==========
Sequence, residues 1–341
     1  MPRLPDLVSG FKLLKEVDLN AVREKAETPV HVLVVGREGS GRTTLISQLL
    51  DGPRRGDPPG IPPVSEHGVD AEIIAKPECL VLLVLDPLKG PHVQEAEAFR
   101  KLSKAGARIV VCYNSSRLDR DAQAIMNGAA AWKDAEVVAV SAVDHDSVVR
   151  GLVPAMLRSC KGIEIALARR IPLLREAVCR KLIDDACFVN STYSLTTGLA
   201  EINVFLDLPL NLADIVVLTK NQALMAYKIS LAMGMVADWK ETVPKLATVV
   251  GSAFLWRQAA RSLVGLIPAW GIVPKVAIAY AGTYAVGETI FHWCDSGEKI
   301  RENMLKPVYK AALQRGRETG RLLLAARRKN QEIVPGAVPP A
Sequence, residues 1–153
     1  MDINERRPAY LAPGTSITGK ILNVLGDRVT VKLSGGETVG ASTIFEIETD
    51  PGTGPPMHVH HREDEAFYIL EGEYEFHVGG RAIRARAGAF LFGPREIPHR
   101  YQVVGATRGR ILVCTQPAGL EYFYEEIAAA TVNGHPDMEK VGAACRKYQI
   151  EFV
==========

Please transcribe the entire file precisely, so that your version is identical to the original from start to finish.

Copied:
Sequence, residues 1–341
     1  MPRLPDLVSG FKLLKEVDLN AVREKAETPV HVLVVGREGS GRTTLISQLL
    51  DGPRRGDPPG IPPVSEHGVD AEIIAKPECL VLLVLDPLKG PHVQEAEAFR
   101  KLSKAGARIV VCYNSSRLDR DAQAIMNGAA AWKDAEVVAV SAVDHDSVVR
   151  GLVPAMLRSC KGIEIALARR IPLLREAVCR KLIDDACFVN STYSLTTGLA
   201  EINVFLDLPL NLADIVVLTK NQALMAYKIS LAMGMVADWK ETVPKLATVV
   251  GSAFLWRQAA RSLVGLIPAW GIVPKVAIAY AGTYAVGETI FHWCDSGEKI
   301  RENMLKPVYK AALQRGRETG RLLLAARRKN QEIVPGAVPP A
Sequence, residues 1–153
     1  MDINERRPAY LAPGTSITGK ILNVLGDRVT VKLSGGETVG ASTIFEIETD
    51  PGTGPPMHVH HREDEAFYIL EGEYEFHVGG RAIRARAGAF LFGPREIPHR
   101  YQVVGATRGR ILVCTQPAGL EYFYEEIAAA TVNGHPDMEK VGAACRKYQI
   151  EFV